and attempted to prevent Sherman's advance through the Carolinas. Johnston's capitulation was agreed upon near Durham's Station, North Carolina, April 26, 1865. He was United States commissioner of railroads from 1885 to 1889. He died in Washington, March 21, 1891.
Army of the PeninsulaThe Department of the Peninsula was established on May 26, 1861, and Colonel John B. Magruder was put in command. The troops therein were organized into divisions in November, and denominated the Army of the Peninsula. In December, the aggregate present was about sixteen thousand. On April 12, 1862, it was merged in the Army of Northern Virginia—constituting, under Major-General Magruder, the right wing of that army.
Winchester, Virginia, August 15, 1810, and served in the Seminole and Mexican wars. He was stationed in Washington in 1861, and resigned in April to enter the Confederate service as colonel. He had charge of the artillery in and around Richmond, and after May 21st, a division in the Department of the Peninsula, the troops of which were later designated the Army of the Peninsula. On June 10th, his division repelled the attack of Major-General B. F. Butler at Big Bethel, for which feat he was made brigadier-general. In October, he was promoted to major-general. Having fortified the Peninsula, he kept McClellan's army in check in April, 1862. On April 18th, his forces became the Right Wing of the Army of Northern Virginia, and he commanded it during the Peninsula campaign. Magruder was then appointed to the Trans-Mississippi Department, in order to prosecute the war more vigorously in the West, but the assignment was changed, and in October, 1862, he was given the District of Texas, which was afterward enlarged to include New Mexico and Arizona. Magruder recaptured Galveston, January 1, 1863, and kept the port open. After the war he served in the army of Maximilian, and after the fall of the Mexican empire settled in Houston, Texas, where he died, February 19, 1871.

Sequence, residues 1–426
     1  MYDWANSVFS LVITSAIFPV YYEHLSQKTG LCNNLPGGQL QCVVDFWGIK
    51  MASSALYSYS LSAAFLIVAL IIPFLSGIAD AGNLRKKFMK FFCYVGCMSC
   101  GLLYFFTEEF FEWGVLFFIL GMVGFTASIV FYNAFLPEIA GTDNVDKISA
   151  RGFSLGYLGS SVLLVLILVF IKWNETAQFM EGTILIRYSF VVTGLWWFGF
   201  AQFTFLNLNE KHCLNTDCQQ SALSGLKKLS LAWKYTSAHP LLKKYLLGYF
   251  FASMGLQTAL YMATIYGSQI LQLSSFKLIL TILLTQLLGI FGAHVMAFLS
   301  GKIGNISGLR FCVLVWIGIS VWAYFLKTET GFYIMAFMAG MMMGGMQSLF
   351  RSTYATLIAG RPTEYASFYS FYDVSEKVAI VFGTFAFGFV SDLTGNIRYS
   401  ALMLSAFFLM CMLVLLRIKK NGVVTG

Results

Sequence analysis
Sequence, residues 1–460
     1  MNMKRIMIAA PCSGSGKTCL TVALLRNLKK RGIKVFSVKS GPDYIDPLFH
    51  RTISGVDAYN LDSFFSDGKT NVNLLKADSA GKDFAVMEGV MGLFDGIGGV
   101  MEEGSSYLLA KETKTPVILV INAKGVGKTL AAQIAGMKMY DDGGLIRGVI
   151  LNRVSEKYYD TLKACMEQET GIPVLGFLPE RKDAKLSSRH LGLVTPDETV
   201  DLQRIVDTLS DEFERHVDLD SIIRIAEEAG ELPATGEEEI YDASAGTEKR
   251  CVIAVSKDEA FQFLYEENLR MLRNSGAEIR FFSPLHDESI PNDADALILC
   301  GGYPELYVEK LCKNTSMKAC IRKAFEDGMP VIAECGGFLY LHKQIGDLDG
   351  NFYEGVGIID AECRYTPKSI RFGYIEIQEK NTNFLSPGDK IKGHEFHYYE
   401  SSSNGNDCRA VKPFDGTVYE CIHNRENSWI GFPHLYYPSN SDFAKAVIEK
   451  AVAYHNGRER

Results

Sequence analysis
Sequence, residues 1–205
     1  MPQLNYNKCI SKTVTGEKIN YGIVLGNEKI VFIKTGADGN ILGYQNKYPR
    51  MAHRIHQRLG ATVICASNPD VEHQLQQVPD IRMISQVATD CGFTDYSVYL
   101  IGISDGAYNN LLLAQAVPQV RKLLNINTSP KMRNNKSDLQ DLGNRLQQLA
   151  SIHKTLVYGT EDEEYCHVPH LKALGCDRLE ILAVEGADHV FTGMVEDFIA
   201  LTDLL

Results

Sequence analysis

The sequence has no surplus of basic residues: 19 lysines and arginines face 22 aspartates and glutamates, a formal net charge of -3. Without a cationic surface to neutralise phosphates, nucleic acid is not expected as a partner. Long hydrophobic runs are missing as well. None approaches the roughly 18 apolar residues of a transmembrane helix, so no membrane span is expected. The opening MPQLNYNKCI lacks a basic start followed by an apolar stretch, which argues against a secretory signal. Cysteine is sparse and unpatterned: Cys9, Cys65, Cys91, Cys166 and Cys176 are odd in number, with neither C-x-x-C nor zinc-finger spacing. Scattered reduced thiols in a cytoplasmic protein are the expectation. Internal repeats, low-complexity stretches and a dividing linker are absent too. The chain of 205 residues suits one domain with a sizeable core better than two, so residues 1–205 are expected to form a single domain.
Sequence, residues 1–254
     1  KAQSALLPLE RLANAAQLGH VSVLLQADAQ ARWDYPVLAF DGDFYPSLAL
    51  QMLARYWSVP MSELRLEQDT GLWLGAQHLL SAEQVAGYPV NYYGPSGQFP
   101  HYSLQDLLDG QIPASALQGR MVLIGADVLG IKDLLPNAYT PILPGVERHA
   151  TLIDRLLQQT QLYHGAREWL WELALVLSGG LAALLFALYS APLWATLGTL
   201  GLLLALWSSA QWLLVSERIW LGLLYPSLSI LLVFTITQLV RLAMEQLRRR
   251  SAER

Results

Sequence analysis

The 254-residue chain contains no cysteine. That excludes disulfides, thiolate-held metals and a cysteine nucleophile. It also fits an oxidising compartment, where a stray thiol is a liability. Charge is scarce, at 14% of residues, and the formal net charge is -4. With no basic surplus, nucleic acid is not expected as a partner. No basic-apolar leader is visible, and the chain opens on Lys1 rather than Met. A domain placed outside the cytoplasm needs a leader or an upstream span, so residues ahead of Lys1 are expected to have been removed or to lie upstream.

Army of the NorthwestThe troops assigned to operate in northwestern Virginia were placed under the command of Brigadier-General R. S. Garnett on June 8, 1861, and were subsequently known as the Army of the Northwest. This was the force that opposed McClellan and Rosecrans in West Virginia, and was defeated at Rich Mountain and other places. On July 13th, Garnett was killed while retreating, and Brigadier-General Henry R. Jackson was put in command, to be superseded, within a week, by Brigadier-General W. W. Loring. Early in 1862, dissension arose between Loring and T. J. Jackson, commanding the Valley District (Department of Northern Virginia), which led to the latter preferring charges against the commander of the Army of the Northwest. As a result, the Secretary of War, on February 9, 1862, divided the army, sending some of the regiments to Knoxville, some to the Aquia District, and the remainder to the Army of the Potomac (Department of Northern Virginia) . After this, the forces under Brigadier-General Edward Johnson stationed at Camp Alleghany, and sometimes called the Army of the Alleghany, continued to be called the Army of the Northwest. Its aggregate strength in March, 1862, was about four thousand. It finally came under Jackson in the Valley District and passed into the Army of Northern Virginia.
Essex County, Virginia, December 16, 1819, and served in the Mexican War as aide to General Taylor. At the outbreak of the Civil War he entered the Confederate service, and in June, 1861, was appointed brigadier-general, with command of the Army of the Northwest. In the action at Carrick's Ford he was killed, June 13, 1861.
Athens, Georgia, June 24, 1820, and became a lawyer. He served in the Mexican War as colonel of the First Georgia Volunteers, and was charge d'affaires at Vienna, in 1863. As United States district attorney for Georgia he aided in trying slave-trading cases. At the outbreak of the